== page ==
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A Catholic response to climate change Print E-mail
Around the Diocese
Written by Kat Wagner, Catholic Herald Staff   
Thursday, Apr. 02, 2009 -- 12:00 AM

LANCASTER/MONROE — A year ago when St. Clement Parish in Lancaster was looking to insulate the attic of their building complex, which had been losing heat and causing ice dams, they brought in a representative from Franklin Energies, Inc., subcontracted by We Energies, to do an energy audit.

Rick Benson, the parish finance chairperson, had the idea to apply for an energy grant from Energy Incentives, through We Energies, to help cut the installation costs, and parish office manager Barb Thompson obtained the grant information.

 
Web resources

•Energy-saving tips and resources: www.energy.gov/forconsumers.htm
• The Catholic Coalition on Climate Change’s “St. Francis Pledge to Protect Creation and the Poor”:
 www.catholicsandclimatechange.org
• National Catholic Rural Life Conference: www.ncrlc.com

  

But the first thing looked at wasn’t the roof but rather the heating boilers, said Tom Schaefer, the parishioner in charge of the project. The existing two boilers had once been rated at approximately 60 percent efficiency.

Schaefer contacted fellow parishioner Tom Carroll, a local heating contractor, who brought in a heating engineer to evaluate and propose a better solution. What followed was the installation of six smaller boilers to replace the old boilers.

Lowering energy, costs

The new computerized boilers operate on an “as needed” basis, running only with the intensity and number of units necessary to provide enough heat. Not only do they heat the building at greater efficiency — 93 percent — but they also provide hot water for the parish complex.

Schaefer also contacted Al Klaas, a parishioner and a local contractor, to install the insulation in the 18,000 square-foot attic.

The Franklin Energy engineers projected the energy savings for these two projects to pay back in approximately five and a half years. After Schaefer prepared the grant request for the project,  Franklin Energies backed up their projections with an energy grant to the parish for $11,967, approximately 20 percent of the total project cost.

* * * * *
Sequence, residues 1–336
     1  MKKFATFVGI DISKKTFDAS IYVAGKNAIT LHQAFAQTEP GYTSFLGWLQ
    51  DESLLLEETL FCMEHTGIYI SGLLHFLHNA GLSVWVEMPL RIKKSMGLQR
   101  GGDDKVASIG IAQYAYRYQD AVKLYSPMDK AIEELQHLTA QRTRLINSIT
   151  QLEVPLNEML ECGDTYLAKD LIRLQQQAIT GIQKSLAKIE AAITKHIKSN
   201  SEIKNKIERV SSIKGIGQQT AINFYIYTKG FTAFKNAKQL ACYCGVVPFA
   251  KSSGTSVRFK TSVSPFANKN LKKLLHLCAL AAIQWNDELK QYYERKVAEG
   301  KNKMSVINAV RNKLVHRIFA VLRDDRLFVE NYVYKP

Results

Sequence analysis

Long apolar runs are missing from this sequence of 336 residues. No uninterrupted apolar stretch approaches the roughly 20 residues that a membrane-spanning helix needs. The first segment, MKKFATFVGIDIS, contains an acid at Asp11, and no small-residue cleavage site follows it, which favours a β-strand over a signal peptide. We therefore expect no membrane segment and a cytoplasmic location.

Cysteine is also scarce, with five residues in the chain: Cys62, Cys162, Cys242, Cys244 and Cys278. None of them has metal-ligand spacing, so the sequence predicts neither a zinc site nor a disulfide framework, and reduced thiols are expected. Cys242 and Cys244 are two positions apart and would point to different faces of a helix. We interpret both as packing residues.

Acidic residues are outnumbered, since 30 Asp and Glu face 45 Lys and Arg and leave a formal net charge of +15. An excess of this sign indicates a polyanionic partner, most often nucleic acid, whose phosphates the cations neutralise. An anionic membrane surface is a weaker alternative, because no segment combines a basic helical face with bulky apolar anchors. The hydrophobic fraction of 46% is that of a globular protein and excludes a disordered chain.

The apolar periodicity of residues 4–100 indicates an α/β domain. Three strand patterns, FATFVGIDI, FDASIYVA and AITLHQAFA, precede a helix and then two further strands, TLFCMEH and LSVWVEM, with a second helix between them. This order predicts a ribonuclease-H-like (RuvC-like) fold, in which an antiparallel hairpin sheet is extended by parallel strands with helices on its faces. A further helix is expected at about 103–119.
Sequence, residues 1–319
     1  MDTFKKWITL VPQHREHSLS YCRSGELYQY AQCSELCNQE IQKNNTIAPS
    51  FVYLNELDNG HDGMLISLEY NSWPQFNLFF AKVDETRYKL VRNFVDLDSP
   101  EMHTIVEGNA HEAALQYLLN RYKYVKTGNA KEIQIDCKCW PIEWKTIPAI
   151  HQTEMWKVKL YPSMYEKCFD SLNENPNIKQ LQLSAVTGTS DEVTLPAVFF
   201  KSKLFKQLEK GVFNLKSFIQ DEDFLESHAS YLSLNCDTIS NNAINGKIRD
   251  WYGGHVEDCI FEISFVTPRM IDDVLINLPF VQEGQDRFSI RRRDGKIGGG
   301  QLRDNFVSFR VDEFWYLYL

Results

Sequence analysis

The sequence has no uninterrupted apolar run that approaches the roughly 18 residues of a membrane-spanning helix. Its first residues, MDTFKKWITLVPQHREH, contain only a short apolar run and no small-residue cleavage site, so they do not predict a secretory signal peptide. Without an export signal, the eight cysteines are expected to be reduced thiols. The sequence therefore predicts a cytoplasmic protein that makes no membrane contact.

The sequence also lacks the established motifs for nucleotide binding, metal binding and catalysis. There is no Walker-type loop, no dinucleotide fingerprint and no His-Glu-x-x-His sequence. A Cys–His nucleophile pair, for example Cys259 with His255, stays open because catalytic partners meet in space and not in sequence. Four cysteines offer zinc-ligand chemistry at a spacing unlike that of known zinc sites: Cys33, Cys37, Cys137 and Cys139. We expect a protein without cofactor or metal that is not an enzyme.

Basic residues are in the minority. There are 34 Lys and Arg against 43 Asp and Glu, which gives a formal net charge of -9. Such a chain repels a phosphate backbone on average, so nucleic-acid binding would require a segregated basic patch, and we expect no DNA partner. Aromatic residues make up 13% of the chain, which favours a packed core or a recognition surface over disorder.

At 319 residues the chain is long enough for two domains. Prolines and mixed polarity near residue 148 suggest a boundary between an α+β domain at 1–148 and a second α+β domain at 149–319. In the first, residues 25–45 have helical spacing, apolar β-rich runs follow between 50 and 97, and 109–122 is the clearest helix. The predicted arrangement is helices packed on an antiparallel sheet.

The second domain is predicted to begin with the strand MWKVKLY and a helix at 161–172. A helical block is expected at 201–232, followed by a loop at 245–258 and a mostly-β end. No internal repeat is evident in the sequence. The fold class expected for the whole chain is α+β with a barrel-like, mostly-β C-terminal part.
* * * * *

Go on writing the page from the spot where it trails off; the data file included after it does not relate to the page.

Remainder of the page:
“It seemed to be a no-brainer to go with it,” said Schaefer. He added the they are monitoring the natural gas usage on a monthly basis and are just now computing the first year’s results.

“I’m absolutely convinced it’s paying off,” he said.

In addition to the new insulation under the roof and the new boilers, the parish also installed a new front door and new windows in the rectory (two of which were just put in at the beginning of March) and updated the lighting in the school during Christmas break.

“It’s really made a world of difference, and it’s saving money,” said Fr. William Seipp, pastor. “I think people are just tired of me saying ‘turn off the lights.’ I think we need to save energy overall.”

The Catholic response

With aging buildings and a growing awareness of the ecological need, more parishes and dioceses, like St. Clement Parish, are finding ways to reduce their carbon footprint. Pope Benedict XVI and Apostolic Nuncio Archbishop Celestino Migliore have frequently addressed the subject of climate change in recent years, and Vatican City recently installed solar panels on the pope’s audience hall as part of its quest to become the first carbon-neutral state.

In early March, a workshop sponsored by the Diocesan Office of Rural Life was held to help Catholics learn more about climate change and what they can and should do to make a difference.

The workshop featured talks by National Catholic Rural Life Conference representative Tim Kautza, Wisconsin Catholic Conference legislative director Barbara Sella, and The Country Today editor Jim Massey.